Your main goal when you invest is to make money. But the IRS wants its cut of your profits, and usually, you have to pay taxes on any capital gains that you have when you sell an investment that has gone up in price. You can expect the 2015 capital gains tax rates to stay pretty much the same as they were in 2014, but many people still get confused about the ins and outs of paying taxes on capital gains more broadly. Let's look at a few basic tips you can use to pay as little as possible in capital gains taxes in 2015 and beyond.
1. Don't want to pay capital gains taxes? Don't sell
Perhaps the most important tax break that many people don't realize they get is that no matter how much a stock you own goes up in price, you don't owe capital gains taxes on your profits until you actually sell the stock. That means long-term investors get a huge tax break in the form of deferral of tax, even if they own a stock in a regular taxable account.
Investors in mutual funds have to deal with different rules, though, whereby funds can actually pay out capital gains distributions even if you don't sell your shares. The reason: when the fund sells the investments it owns, it has to pass through the resulting capital gains to you for you to include on your tax return. Using exchange-traded funds rather than traditional mutual funds can help cushion the blow here, as their different structure makes them less prone to generate capital gains.
2. Long-term traders sometimes pay nothing in capital gains taxes.
If you hold investments for longer than a year, then you qualify for long-term capital gains treatment, which involves lower rates. In fact, for those who are in the 10% or 15% tax brackets for ordinary income like wages or interest income, long-term capital gains qualify for a special 0% tax rate -- meaning you won't pay a penny on your profits. Even those who are in higher brackets will pay a maximum of 15% unless you're in the top bracket, in which case a 20% maximum applies. The 20% rate took effect in 2013; before that, 15% maximums applied all the way up the income scale. Keep in mind, though, that for taxpayers who earn more than $200,000 for singles or $250,000 for joint filers, an extra 3.8 percentage point net investment income surtax applies, boosting your total effective tax rate.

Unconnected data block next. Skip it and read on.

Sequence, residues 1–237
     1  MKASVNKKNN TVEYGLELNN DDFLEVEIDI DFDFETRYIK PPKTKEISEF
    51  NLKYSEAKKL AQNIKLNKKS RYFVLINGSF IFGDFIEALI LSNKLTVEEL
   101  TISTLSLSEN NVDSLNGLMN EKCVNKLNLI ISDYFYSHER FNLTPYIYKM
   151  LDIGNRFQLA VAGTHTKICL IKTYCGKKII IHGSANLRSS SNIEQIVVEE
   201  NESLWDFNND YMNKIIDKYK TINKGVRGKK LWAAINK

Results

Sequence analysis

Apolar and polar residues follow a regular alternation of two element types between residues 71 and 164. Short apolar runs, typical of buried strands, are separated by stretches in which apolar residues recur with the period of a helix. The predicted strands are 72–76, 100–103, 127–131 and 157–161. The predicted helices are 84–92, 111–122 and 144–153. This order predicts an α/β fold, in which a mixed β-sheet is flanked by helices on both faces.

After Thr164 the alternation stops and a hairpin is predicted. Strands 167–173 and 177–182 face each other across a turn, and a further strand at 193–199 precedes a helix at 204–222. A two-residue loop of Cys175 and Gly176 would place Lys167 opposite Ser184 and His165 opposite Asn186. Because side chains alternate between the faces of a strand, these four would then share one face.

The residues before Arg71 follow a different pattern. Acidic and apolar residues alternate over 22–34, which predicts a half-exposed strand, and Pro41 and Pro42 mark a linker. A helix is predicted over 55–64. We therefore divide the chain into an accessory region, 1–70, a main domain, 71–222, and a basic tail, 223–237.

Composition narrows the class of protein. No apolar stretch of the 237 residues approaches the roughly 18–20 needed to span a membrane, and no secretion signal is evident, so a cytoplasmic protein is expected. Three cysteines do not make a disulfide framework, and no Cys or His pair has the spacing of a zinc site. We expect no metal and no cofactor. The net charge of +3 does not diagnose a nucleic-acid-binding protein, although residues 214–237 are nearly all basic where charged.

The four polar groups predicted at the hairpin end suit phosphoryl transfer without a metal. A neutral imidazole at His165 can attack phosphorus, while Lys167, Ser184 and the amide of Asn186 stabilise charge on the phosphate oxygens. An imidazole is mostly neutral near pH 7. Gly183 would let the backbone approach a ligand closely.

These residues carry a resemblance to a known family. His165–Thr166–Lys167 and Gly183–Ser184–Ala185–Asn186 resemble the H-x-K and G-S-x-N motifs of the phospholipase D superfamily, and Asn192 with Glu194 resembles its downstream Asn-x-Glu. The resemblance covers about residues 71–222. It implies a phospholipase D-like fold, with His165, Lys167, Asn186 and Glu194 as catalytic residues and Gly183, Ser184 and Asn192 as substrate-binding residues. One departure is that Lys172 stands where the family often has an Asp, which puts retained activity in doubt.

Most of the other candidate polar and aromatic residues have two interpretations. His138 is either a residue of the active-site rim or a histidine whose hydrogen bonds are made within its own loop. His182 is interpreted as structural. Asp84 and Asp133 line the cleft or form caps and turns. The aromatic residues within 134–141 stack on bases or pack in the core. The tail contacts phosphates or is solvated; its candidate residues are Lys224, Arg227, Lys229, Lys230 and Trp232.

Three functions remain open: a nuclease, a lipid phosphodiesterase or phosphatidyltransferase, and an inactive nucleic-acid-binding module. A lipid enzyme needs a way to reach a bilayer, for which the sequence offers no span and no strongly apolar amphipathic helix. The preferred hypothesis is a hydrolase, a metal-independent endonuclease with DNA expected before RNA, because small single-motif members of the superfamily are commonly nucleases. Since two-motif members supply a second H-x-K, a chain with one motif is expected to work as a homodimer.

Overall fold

3. Short-term traders pay the highest capital gains taxes.
If you hold property for a year or less, then you don't get to take advantage of any of the favorable long-term capital gains tax rates you've heard about. Instead, you'll pay the same tax rate you do for other types of income, including wages, interest income, and retirement-account distributions. You could pay short-term capital gains taxes of as much as 39.6%, as well as having to add on the 3.8% from the net investment income surtax. The easiest way to avoid the high short-term capital gains tax: hold onto stocks for longer than a year so you can get the better long-term rate.
4. Another smart tax-cutting strategy: use losses to offset gains.
Toward the end of the year, many investors look for capital losses that they can use to offset any capital gains from earlier in the year. Because you only have to pay tax on any net capital gains, a loss on one investment can cancel out gains on another. So if you expect to have a big capital gains liability early in 2015, then you spend the rest of the year looking for losing stocks in your portfolio whose losses you can use to reduce or eliminate any net capital gains.
5. The ultimate tax dodge (warning: it comes at a high price)
One little-known way to avoid capital gains tax forever is to hold onto your assets until your death. Assets you own in a taxable account get a step-up in their tax basis when you die, and as a result, your heirs won't have any capital gains tax liability at all if they sell shortly after your death. Of course, that's not a strategy you can use for yourself, and so it represents a tension between your own financial interests and those of your broader family.
Tax planning can seem complex, and in some cases, it is. But dealing with capital gains doesn't have to be hard. Keep these simple tactics in mind, and you'll go a long way toward reducing your 2015 capital gains tax bill.
Dan Caplinger has no position in any stocks mentioned. Nor does The Motley Fool. Try any of our Foolish newsletter services free for 30 days. We Fools don't all hold the same opinions, but we all believe that considering a diverse range of insights makes us better investors. The Motley Fool has a disclosure policy.